Which is not to say this dress is perfect. Sadly, despite having tried on a version and made the small pattern adjustments that I felt were required, the fit of the bodice isn't spot on. By adding only about 2cms in total round the bust, it's somehow made it a bit too loose and it doesn't fit as snuggly at the shoulders as I'd hoped (despite the shortening of the straps at the shoulders, damn it!). My bra straps are slightly visible at times. The tightness of the initial work version I tried on had prevented, and therefore I didn't foresee would be an issue in my own version. The waist adjustment was well judged however, and eating almost my own body weight in amazing food at this BBQ was the test that proved I'd allowed enough extra.

My one other issue is the skirt can, at times, sit out a little strangely. I'd say that was due to the stiffness of the fabric combined with either too much or too little fullness in the skirt. But I'm not that bothered by that as a quick smooth down when I get up and it seems to sit ok.

On balance, although a little disappointed, I am really pleased with my nautical sundress. And the sun really doesn't shine that much in the UK to not require a cardigan most of the year. I recently snapped up a little red low necked cardigan from a charity shop in Leigh, Essex, to go with my Summer Holiday dress which also looks fantastic with this sundress, so that kind of deals with the bodice fit issue whenever it's not blazing sunshine.

So there we have it. The latest garment to spring from my nautical obsession. Don't think that's the end of it, there are plans for more....

21 comments:

didyoumakethat said...

It's gorgeous - absolutely gorgeous. I love that bias binding. I can confirm that the charity shops in Leigh are excellent!

Eugenia said...

Your nautical sundress is very beautiful! I love the retro style and the combination of the blue and white fabric and that amazing anchor trim is just perfect!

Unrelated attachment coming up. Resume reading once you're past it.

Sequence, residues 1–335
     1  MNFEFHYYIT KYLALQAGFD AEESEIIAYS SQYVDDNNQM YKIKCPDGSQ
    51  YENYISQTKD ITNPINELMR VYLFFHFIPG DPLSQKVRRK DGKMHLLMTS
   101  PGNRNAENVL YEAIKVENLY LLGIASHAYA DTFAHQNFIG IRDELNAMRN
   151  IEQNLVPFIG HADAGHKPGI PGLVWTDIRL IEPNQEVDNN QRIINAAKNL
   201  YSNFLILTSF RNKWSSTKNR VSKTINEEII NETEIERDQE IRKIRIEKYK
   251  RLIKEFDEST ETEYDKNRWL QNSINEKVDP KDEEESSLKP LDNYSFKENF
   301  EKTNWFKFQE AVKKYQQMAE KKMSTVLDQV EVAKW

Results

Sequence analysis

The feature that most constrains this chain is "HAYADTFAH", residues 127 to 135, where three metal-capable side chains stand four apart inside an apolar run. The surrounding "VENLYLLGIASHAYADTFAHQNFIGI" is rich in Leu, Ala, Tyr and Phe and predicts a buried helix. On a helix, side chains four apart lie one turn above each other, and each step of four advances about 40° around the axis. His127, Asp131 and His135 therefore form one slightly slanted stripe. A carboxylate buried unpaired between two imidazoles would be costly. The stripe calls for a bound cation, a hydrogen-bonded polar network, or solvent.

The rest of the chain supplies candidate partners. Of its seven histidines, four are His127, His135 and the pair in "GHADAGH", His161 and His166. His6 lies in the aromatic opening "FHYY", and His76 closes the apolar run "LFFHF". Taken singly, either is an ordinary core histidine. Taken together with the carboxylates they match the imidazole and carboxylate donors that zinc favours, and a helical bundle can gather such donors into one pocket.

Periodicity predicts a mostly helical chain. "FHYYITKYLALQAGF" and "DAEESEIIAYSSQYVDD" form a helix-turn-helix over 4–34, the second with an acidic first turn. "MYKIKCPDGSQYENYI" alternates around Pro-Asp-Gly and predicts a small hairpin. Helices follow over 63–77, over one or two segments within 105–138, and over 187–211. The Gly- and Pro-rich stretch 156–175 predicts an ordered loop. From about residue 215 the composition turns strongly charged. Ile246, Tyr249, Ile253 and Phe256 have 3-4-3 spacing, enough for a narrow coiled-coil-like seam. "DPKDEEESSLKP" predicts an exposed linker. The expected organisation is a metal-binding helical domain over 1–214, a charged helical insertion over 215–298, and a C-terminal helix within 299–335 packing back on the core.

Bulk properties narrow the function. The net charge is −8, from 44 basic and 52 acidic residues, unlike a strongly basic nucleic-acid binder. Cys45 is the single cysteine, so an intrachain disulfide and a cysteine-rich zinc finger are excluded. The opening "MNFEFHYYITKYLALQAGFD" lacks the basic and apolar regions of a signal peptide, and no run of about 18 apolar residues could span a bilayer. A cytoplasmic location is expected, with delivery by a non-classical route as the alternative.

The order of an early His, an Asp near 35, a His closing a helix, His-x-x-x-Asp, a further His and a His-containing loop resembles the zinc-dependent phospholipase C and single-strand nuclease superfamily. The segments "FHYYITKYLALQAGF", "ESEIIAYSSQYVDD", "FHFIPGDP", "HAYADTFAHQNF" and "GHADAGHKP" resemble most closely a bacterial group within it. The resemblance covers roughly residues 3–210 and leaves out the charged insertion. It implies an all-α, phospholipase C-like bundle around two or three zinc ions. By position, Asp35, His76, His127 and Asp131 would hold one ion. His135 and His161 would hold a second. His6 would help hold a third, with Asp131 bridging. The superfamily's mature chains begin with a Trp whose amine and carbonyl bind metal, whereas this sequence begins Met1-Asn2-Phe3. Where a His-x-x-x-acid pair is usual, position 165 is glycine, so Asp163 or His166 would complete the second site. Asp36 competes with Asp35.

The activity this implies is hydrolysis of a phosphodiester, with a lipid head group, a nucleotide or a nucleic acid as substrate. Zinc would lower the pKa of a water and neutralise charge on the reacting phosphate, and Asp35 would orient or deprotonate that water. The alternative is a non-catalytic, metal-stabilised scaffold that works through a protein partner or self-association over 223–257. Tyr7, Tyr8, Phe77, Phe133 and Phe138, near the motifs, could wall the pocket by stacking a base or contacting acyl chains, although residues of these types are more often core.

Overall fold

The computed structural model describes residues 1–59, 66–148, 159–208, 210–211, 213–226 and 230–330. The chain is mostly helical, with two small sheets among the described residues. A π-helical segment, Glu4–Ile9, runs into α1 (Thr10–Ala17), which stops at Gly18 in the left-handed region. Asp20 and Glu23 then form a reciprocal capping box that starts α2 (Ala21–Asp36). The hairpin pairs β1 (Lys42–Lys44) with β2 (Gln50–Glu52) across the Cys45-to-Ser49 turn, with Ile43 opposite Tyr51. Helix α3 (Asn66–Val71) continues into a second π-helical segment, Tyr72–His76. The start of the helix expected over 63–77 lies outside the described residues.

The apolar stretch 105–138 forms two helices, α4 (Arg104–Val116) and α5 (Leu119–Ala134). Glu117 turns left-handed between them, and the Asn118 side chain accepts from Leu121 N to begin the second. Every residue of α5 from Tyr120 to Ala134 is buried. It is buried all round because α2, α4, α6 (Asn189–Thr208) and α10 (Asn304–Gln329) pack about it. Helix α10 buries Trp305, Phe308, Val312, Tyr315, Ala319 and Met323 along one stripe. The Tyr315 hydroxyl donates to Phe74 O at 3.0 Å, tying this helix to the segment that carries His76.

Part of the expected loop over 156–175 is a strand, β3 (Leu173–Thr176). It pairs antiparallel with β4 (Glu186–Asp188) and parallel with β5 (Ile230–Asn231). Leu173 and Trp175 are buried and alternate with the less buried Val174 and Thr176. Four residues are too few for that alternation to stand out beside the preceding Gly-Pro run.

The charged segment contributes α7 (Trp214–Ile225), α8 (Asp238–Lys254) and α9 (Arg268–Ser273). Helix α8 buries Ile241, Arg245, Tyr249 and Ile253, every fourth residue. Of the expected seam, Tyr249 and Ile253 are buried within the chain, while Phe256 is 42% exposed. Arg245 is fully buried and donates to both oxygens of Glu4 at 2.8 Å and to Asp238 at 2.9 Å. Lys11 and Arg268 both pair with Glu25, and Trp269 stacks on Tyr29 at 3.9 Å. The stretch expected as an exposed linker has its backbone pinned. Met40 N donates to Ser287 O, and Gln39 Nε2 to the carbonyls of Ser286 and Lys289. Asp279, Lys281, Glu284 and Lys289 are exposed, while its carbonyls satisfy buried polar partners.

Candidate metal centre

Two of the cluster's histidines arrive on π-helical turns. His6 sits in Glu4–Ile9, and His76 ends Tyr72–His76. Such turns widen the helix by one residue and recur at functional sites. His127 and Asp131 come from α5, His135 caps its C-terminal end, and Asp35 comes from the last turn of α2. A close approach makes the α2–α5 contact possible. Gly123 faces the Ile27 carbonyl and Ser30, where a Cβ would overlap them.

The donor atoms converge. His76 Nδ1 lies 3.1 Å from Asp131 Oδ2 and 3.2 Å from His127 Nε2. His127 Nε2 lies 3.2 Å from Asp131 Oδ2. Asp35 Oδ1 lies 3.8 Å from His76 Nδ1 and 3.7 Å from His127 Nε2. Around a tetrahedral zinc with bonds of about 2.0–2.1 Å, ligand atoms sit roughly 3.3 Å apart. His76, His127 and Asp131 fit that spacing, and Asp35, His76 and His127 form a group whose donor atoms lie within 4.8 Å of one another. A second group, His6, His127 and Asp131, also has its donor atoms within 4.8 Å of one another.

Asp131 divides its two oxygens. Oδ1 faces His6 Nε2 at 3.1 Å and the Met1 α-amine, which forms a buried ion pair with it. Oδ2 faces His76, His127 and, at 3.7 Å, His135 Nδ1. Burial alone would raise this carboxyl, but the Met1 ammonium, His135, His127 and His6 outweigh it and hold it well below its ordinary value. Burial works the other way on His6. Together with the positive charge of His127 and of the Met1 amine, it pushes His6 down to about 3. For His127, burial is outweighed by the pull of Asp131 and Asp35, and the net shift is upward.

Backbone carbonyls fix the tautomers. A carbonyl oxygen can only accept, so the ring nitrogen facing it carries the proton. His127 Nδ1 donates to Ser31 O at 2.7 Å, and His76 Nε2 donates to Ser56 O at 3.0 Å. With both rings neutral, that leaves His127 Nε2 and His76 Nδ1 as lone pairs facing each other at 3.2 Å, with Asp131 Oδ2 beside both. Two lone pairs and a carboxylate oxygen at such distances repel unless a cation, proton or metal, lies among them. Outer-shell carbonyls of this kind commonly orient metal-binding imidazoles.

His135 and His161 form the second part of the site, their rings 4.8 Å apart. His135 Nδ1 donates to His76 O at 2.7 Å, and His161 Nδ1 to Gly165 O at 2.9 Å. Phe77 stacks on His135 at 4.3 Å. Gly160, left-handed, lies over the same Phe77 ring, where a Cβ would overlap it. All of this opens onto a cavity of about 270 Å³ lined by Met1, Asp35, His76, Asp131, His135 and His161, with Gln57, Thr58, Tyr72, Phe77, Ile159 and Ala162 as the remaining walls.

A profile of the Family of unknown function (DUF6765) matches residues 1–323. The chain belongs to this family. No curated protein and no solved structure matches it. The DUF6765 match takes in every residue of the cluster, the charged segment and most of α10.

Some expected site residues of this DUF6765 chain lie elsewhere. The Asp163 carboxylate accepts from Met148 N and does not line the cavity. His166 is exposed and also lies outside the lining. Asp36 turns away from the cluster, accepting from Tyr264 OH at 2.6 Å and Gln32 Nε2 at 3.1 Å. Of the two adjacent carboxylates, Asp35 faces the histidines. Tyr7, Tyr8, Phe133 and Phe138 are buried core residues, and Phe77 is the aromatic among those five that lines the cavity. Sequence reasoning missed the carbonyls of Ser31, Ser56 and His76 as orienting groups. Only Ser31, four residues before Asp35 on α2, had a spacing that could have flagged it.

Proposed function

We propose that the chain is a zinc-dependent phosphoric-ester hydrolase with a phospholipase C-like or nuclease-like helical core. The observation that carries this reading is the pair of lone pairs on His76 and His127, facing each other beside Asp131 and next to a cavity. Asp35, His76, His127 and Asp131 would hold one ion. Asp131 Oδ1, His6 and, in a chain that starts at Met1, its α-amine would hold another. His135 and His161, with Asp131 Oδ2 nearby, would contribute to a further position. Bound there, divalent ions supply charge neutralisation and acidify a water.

weriem said...

I love the bias!

eunny said...

I *adore* this. Just perfect. Isn't it awesome when all the factors come together into one big swoosh of YES? Great dress!

Camelia Crinoline said...

Cute! I love the chain fabric and the bias binding.

No Regrets, Inc. said...

Great!! Love the trim & the anchor necklace.

MrsC said...

Love it! Love the colours on you!
Poppet I have just the solution for your neckline issue. It needs taping. Use a 1/4 inch black cotton tape on the inside and hand or machine stitch it in the ditch of the bias binding. If you look on my blog under the tutes and techniques label you'll find a tute about how to tape a seam to make it sit better. :)

MrsC said...

http://amamus-amatis-amant.blogspot.com/2011/03/how-to-get-neckline-not-to-gape-art-of.html

punkychewster said...

aww you look so cute in it! i'm glad you used the fabric for this dress!

Shelly said...

Love it! A little bit of nautical always catches my eye. Love the combination of fabric and bias and the anchor necklace works it so well.

Maria (viola33) said...

It's a beautiful dress! I love the red binding with these tiny anchors and how it accords with the anchor pendant. Perfect outfit for summer BBQ!

Claire (aka Seemane) said...

Love the look and espesh the contrast trim - if I saw this as RTW dress in a shop I'd def. think "That's very SoZo!" :)

Suzie said...

That fabric and bias binding are nothing short of awesome!

Sherry said...

Gorgeous! I love the red trim and think it's perfect, and the colours look so awesome on you, that you should have a whole nautical wardrobe!

Ozzy Blackbeard said...

Beautiful!! I love how you matched the stripes on the darts, and the binding is gorgeous. :)

Marie said...

Everything about this dress is just lovely!!!

chrrristine said...

absolutely love it! and I think having both sections going cross-grain makes it come together nicely, it might have been a bit too busy otherwise. hope you have some more sun this weekend!

uglybeat said...

Super nautical! I love it and you look fantastic.

Ginger said...

really cool binding!

Rhonda said...

i seriously love it, especially the combination of fabric and bias binding, and you look gorgeous in it

Cecili said...

OMG this dress has so many qualities I don't know where to start! Adorable yet elegant fabric, cool bias binding, gorgeous and easy to wear pattern... It's a serious contender for your awesome navy/lace vintage dress!